Mayor Ed Murray, now facing a fourth accuser alleging sexual abuse, is showing no signs of slowing down his re-election bid.
Murray held a fundraiser dinner in South Lake Union Wednesday evening, closed to the media. His campaign spokesperson says he has a strong base of support and continued momentum.
However, the Chair of the King County Democrats said the party is divided over the mayor's re-election bid.
“I think this needs to play out in a court of law, but I also think that this is a big distraction. The leaders of Seattle need to weight whether a campaign is appropriate at this point and whether this distraction is going to stop them from governing, and if the answer is yes, and it stops them from governing, then maybe we need a different approach,” said Bailey Stober.
The mayor’s campaign declined an interview on Wednesday, but Murray has categorically denied all allegations brought against him in a civil suit that claims the abuse occurred in the 1980s.
A spokesperson for the election also pointed to a long list of endorsers who have not withdrawn their support.
“I still put my money on this mayor to be re-elected again,” former Seattle Councilmember John Okamoto said. “I’m looking at Mayor Murray’s track record, not just what he’s done as mayor but as a legislator, as a public servant, and I stand behind him.”
The Mayor remains far ahead in fundraising with more than 374,000 raised, as of the last filing deadline. Murray’s campaign said April fundraising now puts his total at more than $408,000. The official fundraising report is expected to be posted next week.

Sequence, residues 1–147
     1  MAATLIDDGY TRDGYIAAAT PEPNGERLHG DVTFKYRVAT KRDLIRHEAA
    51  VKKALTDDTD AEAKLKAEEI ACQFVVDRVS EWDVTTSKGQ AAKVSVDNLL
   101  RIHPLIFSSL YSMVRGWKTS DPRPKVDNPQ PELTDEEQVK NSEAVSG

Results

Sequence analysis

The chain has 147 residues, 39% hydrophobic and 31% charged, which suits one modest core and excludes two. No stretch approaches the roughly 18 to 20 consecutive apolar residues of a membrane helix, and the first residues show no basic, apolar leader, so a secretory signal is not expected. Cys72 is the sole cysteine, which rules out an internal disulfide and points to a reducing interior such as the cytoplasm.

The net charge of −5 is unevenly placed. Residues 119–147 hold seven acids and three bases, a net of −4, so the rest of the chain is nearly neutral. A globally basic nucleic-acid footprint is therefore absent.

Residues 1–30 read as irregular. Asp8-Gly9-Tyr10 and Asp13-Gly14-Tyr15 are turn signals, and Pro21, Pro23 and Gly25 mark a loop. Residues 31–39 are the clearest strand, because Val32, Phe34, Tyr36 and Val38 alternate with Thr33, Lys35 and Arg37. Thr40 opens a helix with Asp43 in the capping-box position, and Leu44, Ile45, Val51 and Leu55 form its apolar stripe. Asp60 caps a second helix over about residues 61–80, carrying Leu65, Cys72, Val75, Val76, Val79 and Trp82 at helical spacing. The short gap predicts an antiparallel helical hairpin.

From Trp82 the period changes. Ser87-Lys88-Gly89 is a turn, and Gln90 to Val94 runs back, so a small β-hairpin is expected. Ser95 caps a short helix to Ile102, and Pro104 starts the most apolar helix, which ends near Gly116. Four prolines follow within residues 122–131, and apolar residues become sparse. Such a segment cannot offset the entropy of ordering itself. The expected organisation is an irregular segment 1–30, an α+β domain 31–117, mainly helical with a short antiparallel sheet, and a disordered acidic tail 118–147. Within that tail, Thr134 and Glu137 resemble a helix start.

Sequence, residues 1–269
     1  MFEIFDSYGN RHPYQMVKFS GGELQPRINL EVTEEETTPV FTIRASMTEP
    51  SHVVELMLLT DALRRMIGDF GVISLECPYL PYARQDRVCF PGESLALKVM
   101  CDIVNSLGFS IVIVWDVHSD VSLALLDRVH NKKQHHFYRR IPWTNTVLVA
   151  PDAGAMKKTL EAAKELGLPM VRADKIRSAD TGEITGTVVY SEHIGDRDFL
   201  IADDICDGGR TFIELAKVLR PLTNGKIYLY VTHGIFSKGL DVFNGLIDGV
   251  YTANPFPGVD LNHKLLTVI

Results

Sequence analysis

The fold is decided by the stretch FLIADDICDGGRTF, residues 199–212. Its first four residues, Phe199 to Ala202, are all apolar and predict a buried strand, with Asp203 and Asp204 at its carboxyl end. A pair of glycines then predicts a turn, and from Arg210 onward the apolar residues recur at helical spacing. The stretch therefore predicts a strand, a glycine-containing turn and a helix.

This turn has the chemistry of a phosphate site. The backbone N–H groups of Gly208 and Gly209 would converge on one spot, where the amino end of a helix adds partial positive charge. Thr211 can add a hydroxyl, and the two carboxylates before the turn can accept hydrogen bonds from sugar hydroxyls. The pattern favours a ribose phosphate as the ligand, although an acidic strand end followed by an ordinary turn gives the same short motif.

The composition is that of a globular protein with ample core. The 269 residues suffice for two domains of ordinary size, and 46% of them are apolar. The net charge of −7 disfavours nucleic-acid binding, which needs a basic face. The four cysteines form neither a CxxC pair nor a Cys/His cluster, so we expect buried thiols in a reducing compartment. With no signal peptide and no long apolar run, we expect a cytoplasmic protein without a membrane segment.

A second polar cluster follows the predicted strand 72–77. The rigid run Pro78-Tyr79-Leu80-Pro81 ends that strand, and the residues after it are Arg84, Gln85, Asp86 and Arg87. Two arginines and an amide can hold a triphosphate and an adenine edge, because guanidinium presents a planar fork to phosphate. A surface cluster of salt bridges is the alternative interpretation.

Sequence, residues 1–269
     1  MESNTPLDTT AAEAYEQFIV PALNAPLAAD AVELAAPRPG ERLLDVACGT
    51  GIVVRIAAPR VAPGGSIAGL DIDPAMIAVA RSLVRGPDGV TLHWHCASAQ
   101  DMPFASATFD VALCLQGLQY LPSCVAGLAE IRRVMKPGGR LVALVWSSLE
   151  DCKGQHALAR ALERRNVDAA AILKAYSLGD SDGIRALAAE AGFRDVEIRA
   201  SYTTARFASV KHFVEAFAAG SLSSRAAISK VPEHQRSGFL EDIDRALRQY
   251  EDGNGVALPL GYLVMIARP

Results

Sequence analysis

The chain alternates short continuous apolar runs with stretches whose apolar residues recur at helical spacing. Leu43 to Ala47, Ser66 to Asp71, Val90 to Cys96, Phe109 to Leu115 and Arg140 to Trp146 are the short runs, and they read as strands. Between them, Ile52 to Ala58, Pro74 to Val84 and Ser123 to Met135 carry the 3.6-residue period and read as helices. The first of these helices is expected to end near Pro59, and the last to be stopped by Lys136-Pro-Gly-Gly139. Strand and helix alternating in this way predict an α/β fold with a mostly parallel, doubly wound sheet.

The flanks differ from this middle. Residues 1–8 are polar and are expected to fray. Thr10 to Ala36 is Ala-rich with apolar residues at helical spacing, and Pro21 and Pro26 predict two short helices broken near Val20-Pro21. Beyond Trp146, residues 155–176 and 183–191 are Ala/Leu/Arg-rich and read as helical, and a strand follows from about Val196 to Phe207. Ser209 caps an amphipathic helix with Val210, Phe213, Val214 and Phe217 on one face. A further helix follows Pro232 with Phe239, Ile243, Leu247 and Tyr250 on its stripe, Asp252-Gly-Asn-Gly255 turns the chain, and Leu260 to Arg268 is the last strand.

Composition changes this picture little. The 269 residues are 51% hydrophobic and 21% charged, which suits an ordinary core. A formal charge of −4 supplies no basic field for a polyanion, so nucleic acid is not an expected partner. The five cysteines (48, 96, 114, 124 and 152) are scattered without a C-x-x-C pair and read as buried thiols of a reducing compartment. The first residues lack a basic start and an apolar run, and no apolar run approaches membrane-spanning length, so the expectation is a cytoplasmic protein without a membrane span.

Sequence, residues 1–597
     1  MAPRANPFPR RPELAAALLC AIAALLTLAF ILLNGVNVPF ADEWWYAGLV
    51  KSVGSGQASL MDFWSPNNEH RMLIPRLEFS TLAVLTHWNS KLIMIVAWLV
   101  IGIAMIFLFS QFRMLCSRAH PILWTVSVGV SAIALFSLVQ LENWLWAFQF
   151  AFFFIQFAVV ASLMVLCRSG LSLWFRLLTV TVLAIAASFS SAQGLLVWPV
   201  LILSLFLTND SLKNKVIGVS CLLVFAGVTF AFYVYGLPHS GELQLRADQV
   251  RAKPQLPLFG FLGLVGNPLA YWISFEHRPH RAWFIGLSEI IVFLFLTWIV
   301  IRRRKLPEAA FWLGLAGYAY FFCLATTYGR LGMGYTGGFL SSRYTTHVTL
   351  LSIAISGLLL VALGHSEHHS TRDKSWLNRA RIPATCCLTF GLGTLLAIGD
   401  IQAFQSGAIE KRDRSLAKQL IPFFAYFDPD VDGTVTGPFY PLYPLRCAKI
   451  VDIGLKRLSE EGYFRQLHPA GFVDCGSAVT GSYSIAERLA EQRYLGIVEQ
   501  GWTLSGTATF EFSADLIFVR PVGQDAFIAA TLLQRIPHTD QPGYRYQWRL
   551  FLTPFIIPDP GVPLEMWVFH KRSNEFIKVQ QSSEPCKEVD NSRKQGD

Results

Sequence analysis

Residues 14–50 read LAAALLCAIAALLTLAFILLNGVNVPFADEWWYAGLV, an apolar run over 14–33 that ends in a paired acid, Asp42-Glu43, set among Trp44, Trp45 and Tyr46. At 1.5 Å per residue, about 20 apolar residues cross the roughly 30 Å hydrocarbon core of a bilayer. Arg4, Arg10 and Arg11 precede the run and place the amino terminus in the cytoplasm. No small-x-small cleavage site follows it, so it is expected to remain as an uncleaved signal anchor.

KING 5 has begun reaching out to the Mayor’s long list of supporters and endorsers. While most of our calls and emails have gone unreturned as of Wednesday night, a handful have responded to say their support remains.
“We’re not going to pull an endorsement based on allegations that have not been confirmed,” said Philip Lindquist of the International Union of Painters and Allied Trades.
Spokespersons for M.L King County Labor Council and UFCW 21 also said their endorsement status has not changed.
“I think he has been dealing with some tough issues head on, including the income tax. I find the allegations just too convenient in a political race,” said architect David Hewitt, a donor to the mayor’s campaign.
Other supporters have responded with “no comment,” or are noticeably silent.
The Seattle Chamber of Commerce's political action committee, known as CASE, has not yet endorsed nor weighed in on the race.
“I think people are finding themselves in a hard spot as to whether they continue to support the mayor or pull out and don’t support the mayor and who the alternative is. That’s still unknown until filing week closes in a couple of weeks,” said Stober.
“There’s several polls going on right now to test name ID as well as strengths and weaknesses of various candidates. I get contacted every other day by either an organization or a candidate or individual who’s considering running,” said Stober.
The filing deadline for candidates is May 19. So far, ten challengers have filed in the race including former Seattle Mayor Mike McGinn, urban planner Cary Moon, and attorney and organizer Nikkita Oliver.
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